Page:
Jun 15, 2020
By Jane Brown
Rayshard Brooks was chatting cooperatively with Atlanta police, saying he’d had a couple of drinks to celebrate his daughter’s birthday and agreeing to a breath test, after police were called late Friday over complaints of a car blocking the drive through lane of a Wendy’s restaurant.
The officer does not tell Brooks the results, but his body camera recorded a digital readout of 0.108, higher than the 0.08 blood alcohol content considered too intoxicated to drive in Georgia. The officer then tells Brooks, you’ve had too much to drink to be driving. He then asks him to put his hands behind his back to be handcuffed.
Moments later, Brooks, who was black and the two white officers are seen on video dash cam wrestling on the ground and grappling over a taser before Brooks took the weapon and ran.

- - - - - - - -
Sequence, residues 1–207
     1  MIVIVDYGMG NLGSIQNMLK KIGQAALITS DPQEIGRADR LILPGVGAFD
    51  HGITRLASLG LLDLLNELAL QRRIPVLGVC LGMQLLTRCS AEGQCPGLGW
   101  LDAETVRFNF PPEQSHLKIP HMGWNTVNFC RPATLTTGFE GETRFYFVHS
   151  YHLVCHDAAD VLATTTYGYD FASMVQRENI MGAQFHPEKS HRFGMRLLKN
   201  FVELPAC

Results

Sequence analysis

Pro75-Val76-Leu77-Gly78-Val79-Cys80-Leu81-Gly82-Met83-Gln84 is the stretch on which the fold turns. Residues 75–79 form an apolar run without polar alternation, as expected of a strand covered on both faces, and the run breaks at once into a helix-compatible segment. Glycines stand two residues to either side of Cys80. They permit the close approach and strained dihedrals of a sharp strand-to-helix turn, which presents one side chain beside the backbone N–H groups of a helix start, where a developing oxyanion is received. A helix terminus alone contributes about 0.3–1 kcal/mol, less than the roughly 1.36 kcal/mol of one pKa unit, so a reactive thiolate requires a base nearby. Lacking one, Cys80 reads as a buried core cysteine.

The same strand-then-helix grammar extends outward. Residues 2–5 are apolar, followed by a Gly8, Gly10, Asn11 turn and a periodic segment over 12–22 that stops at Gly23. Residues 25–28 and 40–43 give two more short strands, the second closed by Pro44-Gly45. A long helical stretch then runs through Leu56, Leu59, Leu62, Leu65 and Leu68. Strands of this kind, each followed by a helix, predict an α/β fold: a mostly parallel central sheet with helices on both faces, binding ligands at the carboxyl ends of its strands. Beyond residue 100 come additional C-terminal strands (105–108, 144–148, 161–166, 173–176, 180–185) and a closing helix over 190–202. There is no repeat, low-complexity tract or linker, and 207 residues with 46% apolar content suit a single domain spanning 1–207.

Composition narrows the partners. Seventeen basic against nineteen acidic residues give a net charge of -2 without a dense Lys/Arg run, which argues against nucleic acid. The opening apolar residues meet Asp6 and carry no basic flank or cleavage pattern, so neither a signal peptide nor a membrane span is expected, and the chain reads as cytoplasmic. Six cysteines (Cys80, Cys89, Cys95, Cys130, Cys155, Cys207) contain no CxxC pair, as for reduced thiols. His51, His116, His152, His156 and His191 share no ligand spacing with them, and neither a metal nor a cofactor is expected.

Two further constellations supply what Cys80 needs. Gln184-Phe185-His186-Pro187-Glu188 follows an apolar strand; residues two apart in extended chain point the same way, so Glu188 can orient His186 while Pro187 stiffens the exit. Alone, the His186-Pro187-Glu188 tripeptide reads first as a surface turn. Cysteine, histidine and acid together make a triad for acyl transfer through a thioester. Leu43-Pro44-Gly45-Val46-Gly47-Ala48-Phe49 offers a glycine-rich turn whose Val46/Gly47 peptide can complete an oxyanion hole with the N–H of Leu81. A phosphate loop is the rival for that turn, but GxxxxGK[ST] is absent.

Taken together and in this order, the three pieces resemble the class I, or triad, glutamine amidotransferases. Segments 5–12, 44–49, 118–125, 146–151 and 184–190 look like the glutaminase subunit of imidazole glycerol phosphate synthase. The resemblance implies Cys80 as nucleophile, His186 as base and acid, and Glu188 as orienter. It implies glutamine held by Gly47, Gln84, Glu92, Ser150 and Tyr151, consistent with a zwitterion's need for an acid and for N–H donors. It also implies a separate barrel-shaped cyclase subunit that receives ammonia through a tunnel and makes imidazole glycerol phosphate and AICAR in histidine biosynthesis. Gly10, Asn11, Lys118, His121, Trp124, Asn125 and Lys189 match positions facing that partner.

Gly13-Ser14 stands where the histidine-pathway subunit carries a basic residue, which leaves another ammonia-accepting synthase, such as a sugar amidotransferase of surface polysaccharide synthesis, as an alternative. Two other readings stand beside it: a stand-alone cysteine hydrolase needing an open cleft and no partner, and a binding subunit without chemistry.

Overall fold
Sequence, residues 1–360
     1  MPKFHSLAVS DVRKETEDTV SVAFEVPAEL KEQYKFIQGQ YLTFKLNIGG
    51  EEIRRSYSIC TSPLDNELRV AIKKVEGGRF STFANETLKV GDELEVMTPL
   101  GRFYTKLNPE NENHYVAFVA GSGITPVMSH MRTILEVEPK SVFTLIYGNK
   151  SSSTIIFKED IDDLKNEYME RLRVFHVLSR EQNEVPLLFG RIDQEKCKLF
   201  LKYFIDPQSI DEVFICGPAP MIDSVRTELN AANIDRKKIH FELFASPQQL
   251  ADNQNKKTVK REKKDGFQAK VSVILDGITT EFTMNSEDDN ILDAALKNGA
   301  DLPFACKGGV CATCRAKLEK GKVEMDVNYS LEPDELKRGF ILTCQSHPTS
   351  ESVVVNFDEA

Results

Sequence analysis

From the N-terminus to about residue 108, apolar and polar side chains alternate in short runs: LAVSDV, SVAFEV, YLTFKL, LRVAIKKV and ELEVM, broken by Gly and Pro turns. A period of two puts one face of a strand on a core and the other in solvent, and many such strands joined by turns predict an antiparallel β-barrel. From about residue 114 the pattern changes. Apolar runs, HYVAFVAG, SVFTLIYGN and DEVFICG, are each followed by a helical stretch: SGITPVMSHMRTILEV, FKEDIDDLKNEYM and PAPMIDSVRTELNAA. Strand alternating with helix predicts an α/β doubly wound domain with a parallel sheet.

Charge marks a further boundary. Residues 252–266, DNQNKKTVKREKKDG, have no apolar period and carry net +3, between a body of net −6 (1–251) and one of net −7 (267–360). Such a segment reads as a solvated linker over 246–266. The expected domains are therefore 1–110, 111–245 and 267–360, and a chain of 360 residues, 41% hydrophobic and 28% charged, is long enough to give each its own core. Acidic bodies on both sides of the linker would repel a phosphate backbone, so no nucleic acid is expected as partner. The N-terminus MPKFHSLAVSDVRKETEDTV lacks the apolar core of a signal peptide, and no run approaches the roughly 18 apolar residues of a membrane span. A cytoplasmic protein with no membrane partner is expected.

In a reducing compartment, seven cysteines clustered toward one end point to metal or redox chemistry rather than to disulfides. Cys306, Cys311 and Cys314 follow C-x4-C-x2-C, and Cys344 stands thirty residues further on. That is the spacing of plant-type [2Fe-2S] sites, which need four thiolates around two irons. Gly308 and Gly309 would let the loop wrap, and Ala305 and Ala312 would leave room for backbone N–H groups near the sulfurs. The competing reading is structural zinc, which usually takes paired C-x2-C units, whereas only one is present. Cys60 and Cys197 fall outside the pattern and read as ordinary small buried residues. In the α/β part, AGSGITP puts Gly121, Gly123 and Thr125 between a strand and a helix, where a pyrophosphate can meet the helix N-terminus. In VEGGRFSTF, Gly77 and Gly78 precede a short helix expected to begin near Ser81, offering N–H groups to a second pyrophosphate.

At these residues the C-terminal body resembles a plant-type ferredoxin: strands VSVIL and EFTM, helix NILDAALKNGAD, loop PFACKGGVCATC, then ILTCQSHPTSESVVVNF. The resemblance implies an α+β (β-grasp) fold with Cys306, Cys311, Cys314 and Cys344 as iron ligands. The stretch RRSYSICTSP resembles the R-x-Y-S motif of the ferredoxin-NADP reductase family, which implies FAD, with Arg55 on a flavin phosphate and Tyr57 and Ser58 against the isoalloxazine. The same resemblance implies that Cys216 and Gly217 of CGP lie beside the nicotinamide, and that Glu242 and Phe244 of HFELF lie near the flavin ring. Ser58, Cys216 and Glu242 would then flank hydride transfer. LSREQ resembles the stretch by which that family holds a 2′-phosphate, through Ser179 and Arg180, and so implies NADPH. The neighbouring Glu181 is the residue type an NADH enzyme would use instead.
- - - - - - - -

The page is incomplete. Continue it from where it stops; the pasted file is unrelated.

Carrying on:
It is in the seconds after, Brooks is seen turning the taser toward an officer. And in the same moments, three gunshots were fired by the officer and Brooks fell and was later declared dead.
The tragic event has rekindled fiery protests in Atlanta and prompted the police chief’s resignation. One of the officers has been fired the other placed on leave.
Andy Harvey has written books and developed training on community policing. He’s also the chief of police in Ennis, Texas. He says such moments can turn in a split second.
“The moment you put your hands on someone is when someone will decide wheter to comply or resist,” Harvey explained, “That’s what happened in Atlanta.”
Investigators with the Georgia Bureau of Investigation will present their findings to prosecutors, who will then determine if charges are laid against the officers.